However, the fact that in my original article I located the explosion of derivatives trading in the process of capital accumulation and crisis should give cause to question the validity of their argument that I had a static approach to these issues. In the following sections I will show that Bryan and Raffertys analysis confuses what is really going on with derivatives. Although in many places they make perfectly valid and useful points on how derivatives are used and the roles they play, they end up casting derivatives as the actors in the process, rather than seeing them far more simply, and far more accurately, as forms of financial transaction that have developed in response to volatility in capitalist markets and problems in capital accumulation more generally.

These are summary notes at the start of Section 2 of the book. See Bryan and Rafferty b, p. Bryan and Rafferty , pp. Special FX derivatives Much of Bryan and Raffertys analysis of derivatives is founded on their observation of the foreign exchange forward market, on a misunderstanding of this market and on an attempt to generalise this view to other financial transactions using derivatives. In this section I will explain why foreign exchange forwards are a special kind of derivative, one with characteristics clearly different from interest rate swaps, futures and options. In their book, and in other articles, they note how the unpredictable nature of foreign exchange rates and interest rates following the breakdown of the Bretton Woods system made capitalist calculations of value more troublesome.

More than this, they claim derivatives provide a valuation method that is independent of national currencies and that they were a means of overcoming the limitations of national fiat money.

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For example: Derivatives provide what nation-state fiat money could not provide on a global scale: they secure some degree of guarantee on the relative values of different monetary units. They are, in this sense, behind the scenes money, ensuring that different forms of asset and money are commensurated not by state decree e. This sounds intriguing, but it is wrong. The forward foreign exchange market does not provide a separate means of valuing assets compared to national currencies.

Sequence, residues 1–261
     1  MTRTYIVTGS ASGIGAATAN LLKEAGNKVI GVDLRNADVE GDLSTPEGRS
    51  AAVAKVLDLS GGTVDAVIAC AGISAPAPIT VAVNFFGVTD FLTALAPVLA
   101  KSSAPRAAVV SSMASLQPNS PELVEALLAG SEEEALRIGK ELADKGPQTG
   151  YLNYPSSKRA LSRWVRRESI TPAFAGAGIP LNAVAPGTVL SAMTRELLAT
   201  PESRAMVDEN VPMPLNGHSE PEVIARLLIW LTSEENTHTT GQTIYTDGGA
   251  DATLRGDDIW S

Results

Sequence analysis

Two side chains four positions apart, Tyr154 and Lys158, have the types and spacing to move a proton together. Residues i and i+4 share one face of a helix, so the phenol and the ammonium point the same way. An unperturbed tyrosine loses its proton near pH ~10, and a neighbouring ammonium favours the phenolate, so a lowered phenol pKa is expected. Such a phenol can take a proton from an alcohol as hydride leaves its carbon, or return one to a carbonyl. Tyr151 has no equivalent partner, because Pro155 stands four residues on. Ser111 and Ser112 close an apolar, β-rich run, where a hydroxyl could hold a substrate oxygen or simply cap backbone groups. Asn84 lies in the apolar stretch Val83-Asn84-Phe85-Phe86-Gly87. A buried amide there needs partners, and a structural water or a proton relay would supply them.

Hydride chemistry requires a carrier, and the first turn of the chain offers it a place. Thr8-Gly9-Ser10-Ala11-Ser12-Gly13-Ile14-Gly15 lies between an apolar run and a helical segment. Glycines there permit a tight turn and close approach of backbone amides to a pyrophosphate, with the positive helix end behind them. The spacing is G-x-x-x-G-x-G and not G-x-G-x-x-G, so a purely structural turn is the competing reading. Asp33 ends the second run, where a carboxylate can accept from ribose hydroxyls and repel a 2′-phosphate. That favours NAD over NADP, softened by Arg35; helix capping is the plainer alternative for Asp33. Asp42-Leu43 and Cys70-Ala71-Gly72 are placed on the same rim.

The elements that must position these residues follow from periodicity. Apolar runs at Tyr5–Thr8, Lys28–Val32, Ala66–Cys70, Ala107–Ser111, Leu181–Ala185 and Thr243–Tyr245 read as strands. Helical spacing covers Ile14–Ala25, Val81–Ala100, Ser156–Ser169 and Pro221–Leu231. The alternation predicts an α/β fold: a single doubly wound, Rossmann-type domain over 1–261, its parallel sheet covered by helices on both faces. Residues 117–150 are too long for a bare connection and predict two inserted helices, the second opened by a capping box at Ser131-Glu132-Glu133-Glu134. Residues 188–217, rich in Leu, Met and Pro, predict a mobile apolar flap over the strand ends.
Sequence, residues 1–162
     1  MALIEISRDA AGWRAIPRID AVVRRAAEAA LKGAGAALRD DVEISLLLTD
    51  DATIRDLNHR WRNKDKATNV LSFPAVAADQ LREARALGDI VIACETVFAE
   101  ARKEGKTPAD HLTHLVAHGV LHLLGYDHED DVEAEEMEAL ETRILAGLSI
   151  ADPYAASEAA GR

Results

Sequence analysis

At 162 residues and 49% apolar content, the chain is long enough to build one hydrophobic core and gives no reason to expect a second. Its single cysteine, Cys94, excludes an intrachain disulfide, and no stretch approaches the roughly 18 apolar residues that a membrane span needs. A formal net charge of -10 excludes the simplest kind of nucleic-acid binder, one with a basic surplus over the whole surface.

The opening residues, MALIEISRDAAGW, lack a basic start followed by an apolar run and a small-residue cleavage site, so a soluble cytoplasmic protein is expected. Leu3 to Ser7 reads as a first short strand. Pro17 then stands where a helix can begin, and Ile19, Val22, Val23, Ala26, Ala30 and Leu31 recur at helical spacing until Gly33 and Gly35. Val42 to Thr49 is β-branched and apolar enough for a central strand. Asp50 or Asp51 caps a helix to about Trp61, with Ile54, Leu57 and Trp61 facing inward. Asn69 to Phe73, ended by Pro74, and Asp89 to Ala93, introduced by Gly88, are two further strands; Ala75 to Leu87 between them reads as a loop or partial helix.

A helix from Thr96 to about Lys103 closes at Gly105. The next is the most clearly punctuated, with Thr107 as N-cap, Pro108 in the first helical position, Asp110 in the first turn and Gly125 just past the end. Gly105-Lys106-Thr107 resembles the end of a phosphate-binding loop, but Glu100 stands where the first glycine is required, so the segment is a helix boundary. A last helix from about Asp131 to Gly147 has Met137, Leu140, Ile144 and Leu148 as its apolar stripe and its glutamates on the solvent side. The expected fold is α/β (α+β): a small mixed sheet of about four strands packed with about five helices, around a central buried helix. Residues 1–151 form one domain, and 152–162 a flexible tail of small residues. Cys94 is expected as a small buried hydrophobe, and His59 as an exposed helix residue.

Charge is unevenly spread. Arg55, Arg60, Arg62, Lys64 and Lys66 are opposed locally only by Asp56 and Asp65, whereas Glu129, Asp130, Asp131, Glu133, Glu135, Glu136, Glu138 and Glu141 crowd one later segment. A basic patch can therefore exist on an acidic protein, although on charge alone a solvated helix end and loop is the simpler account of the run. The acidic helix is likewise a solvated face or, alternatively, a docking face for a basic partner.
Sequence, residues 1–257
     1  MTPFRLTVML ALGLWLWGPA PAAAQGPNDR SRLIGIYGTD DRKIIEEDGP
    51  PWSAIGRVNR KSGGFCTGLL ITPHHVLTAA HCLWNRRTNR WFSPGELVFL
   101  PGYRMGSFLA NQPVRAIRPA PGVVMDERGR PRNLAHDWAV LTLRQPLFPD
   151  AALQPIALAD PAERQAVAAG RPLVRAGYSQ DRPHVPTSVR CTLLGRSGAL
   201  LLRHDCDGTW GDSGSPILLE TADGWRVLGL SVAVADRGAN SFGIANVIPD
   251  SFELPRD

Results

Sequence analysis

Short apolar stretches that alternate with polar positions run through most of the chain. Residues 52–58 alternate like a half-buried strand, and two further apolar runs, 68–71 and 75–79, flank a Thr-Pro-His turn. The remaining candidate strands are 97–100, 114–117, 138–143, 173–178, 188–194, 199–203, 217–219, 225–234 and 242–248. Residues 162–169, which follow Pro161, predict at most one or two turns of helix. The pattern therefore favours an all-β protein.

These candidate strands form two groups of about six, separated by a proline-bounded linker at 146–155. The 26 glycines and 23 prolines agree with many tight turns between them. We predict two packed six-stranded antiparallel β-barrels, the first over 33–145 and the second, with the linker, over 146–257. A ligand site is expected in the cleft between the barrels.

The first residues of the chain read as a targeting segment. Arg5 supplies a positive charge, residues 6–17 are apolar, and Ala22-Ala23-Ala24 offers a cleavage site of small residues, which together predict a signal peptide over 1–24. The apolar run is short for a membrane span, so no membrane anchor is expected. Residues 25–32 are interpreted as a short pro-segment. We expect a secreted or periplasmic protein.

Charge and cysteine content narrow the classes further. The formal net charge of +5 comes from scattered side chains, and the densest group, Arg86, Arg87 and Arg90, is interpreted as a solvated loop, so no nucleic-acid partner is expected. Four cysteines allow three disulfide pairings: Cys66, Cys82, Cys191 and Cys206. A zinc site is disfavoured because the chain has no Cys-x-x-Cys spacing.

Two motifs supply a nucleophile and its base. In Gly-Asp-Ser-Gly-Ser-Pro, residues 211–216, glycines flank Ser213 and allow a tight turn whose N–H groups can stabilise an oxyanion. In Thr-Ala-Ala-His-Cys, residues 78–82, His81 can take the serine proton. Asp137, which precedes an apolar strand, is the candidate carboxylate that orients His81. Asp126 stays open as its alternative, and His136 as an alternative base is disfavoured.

It is based upon a calculated link between the current exchange rate I do not underestimate the importance of this episode as a benchmark event for new forms of financial turmoil and for the growth of financial derivatives in subsequent years, but it would of course be a mistake to presume that before capitalist calculation was a simple, risk-free process.

There had already been currency realignments within the Bretton Woods system among the major capitalist powers from the late s and, with growing frequency, into the late s. The growth of the eurodollar market and the eurobond market, developments that accentuated the process by which international capital movements more easily overcame national barriers, are also dated from the late s. Bryan and Rafferty a, p. Once the latter are given, so is the forward exchange rate. A company, or bank, trading in foreign exchange might deal in the forward market, so that one could argue that it is the forward rate that drives the spot rate, but there is still a determined link between spot and forward exchange rates that is given by the interest rate differential between the two currencies.

In that case, the 1-year forward exchange rate is If the 1-year forward exchange rate were different, for example, higher at The dealer would do a forward deal at the same time as the spot deal, agreeing to sell the 1. This would give the dealer 1. Forward FX deals do provide a fixed future exchange rate for the parties involved, but one that is tied to the current spot rate of exchange of the two currencies and the interest rate differential on them.

The forward exchange rate derivative does not overcome national currencies and interest rates, nor does it stand as a separate entity. To believe that it does is like believing that a pantomime horse is really a horse, not a costume with two individuals inside. The forward FX deal in fact generates the same values as doing the transaction now, at todays spot exchange rate, and then depositing the funds e. That the forward deal is more convenient for capitalists lies in the fact that no funds euros need be advanced now, when such funds may not be available, only on the maturity of the deal.